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April/May 2007
Who’re You Calling Pirate?
The Satya Interview with Captain Paul Watson

 

Captain Paul Watson.
Courtesy of SeaShepherd.org

While he used to write jokes for Reader’s Digest and is known to belt out Broadway musical tunes, Captain Paul Watson is dead serious about stopping the exploitation of the ocean’s wildlife and ecosystems and regularly puts his life on the line to protect them. Captain Watson’s healthy sense of humor and inventive tactics have helped expose some of the most serious animal abusers, including illegal Japanese whalers and Canadian baby seal hunters. Yet, as a founding member of Greenpeace, Watson’s methods were considered controversial by some, and in 1977 he established the Sea Shepherd Conservation Society.

Just before this past Christmas, two Sea Shepherd ships, the Farley Mowat and the speedy new Robert Hunter, left Australia in pursuit of a fleet of illegal Japanese whalers. The whalers were intending to kill nearly 1,000 whales for “research” purposes in the waters of the Antarctic Whale Sanctuary, where baleen whales spend the summer months feeding. On February 9th, after weeks of searching the Antarctic waters, the Sea Shepherd ships located the whalers. For several days activists utilized tactics to prevent the whalers from killing any more whales, including harassing the Nisshin Maru, the 8,000-ton processing ship, what Watson calls the “cetacean death star,” by dumping non-toxic, foul-smelling butyric acid on its flensing decks and nailing metal plates over its drainage pipes to disrupt the whale processing.

Days after the Sea Shepherd ships departed, a fire broke out on the Nisshin Maru, killing one crew member and bringing their illegal whaling activities to an abrupt halt. Catherine Clyne caught up with Captain Paul Watson via e-mail to ask him about his efforts to protect marine life on the high seas.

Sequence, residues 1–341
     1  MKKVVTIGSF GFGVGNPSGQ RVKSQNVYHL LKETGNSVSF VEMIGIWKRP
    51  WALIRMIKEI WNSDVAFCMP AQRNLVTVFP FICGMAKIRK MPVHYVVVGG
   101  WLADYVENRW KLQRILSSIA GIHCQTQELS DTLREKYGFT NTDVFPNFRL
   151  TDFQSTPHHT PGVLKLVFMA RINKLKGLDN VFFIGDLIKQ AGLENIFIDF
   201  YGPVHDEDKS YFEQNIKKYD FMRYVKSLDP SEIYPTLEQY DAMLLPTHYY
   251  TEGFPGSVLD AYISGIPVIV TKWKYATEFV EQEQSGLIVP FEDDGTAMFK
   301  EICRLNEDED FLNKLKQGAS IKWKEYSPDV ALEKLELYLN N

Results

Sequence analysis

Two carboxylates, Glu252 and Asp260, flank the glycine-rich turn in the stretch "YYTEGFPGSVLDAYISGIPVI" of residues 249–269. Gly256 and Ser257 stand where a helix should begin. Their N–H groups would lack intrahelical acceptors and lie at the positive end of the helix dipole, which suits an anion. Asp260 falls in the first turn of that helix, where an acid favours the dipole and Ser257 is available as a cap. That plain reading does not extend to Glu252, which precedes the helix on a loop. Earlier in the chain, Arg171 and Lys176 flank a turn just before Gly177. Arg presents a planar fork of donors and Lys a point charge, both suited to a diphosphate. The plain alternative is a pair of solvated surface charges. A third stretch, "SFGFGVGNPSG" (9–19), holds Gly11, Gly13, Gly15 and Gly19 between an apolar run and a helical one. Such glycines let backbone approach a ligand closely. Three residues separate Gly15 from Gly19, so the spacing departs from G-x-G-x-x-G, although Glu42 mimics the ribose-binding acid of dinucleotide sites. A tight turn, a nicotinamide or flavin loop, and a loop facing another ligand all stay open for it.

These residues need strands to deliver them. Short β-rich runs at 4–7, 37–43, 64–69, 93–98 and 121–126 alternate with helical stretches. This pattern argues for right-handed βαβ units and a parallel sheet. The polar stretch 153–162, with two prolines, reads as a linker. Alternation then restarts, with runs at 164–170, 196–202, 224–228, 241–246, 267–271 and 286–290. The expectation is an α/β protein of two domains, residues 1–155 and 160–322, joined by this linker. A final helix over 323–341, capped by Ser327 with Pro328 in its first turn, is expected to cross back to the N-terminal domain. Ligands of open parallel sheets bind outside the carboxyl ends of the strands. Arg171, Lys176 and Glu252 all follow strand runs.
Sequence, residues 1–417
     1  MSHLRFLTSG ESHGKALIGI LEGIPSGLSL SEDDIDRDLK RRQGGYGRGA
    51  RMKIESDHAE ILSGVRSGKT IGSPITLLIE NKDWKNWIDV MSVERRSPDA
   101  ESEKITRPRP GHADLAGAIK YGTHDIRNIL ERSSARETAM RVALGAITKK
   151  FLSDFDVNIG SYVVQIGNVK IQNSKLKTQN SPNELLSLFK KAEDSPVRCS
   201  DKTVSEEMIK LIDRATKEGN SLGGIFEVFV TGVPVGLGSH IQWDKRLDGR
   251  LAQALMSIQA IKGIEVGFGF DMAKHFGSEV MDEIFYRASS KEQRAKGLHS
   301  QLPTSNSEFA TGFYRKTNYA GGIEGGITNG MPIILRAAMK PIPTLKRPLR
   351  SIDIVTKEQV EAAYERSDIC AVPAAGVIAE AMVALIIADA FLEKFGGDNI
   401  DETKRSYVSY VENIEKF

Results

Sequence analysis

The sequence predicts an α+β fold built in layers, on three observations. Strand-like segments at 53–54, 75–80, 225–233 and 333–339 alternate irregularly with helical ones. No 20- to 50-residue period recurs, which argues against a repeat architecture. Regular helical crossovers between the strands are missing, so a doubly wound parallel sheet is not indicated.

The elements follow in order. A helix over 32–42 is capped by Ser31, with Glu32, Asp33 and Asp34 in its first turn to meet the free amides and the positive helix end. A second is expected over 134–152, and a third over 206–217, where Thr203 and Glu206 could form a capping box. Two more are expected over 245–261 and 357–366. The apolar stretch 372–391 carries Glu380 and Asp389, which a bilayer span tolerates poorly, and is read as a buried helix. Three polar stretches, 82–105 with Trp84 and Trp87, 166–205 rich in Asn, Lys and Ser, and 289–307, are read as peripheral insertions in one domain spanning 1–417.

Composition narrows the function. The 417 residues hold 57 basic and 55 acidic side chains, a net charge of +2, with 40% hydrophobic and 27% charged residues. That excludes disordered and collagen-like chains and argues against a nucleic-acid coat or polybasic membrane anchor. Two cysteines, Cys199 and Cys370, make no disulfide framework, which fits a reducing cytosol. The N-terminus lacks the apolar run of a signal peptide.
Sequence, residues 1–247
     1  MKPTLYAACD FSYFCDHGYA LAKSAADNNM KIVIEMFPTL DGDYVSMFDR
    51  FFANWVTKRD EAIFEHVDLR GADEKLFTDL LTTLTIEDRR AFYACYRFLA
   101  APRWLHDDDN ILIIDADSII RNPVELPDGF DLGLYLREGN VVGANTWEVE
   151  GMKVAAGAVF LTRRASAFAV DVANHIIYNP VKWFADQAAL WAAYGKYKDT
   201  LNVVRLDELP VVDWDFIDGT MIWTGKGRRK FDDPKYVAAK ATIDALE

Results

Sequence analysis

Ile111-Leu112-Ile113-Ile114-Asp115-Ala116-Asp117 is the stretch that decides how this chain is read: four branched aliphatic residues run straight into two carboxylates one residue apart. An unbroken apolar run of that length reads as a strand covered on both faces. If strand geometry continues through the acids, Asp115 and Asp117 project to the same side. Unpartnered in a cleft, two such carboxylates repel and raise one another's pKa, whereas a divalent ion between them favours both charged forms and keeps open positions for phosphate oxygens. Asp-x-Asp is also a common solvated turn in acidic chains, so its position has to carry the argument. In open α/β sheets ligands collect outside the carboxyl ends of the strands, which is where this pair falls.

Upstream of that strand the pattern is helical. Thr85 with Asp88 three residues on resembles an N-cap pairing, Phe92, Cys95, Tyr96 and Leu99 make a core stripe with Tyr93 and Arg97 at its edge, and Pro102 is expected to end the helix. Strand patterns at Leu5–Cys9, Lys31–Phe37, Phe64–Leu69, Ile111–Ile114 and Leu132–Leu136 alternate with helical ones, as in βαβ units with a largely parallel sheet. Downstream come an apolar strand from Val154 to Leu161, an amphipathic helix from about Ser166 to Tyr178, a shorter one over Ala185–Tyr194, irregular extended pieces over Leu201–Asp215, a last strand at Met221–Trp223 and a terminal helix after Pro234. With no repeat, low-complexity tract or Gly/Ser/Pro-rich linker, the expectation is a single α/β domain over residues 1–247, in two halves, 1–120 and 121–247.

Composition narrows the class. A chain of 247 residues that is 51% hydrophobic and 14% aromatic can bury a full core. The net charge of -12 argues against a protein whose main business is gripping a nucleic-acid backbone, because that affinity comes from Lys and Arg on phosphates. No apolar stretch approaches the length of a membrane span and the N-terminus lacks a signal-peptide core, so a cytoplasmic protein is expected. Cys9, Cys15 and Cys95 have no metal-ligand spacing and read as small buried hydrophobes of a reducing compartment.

As of today (February 16), roughly how many whales have the Japanese whalers killed so far?
They have taken about 400 of the 960 minkes and ten fin whales targeted. They will not take any more whales this season due to the fire, which has devastated the Japanese factory ship, Nisshin Maru.

Most people believe whaling was banned in the '70s. What happened?
It never ended. Despite the global moratorium on commercial whaling established in 1986, some 18,000 whales have been killed illegally by Japan and another 6,000 by Norway.

Why are the Japanese killing whales and how are they allowed to do it?
Although they claim the killing is done for research, they sell the meat on the market in Japan. There is a lack of political will to enforce the laws against an economic superpower like Japan.

Aren’t the whalers operating in a sanctuary in Australian waters? Isn’t Japan violating international or Australian laws?
Yes, endangered whales are being slaughtered in the Antarctic Whale Sanctuary and in the Australian Antarctic Territory. Australia seizes toothfish poaching vessels from the same waters they tolerate whaling in. The message they are sending is that poor Third World nations will be prohibited from illegal fishing, but a wealthy nation like Japan can do whatever it wants.

What’s the deal with the de-registration of Sea Shepherd ships by different countries?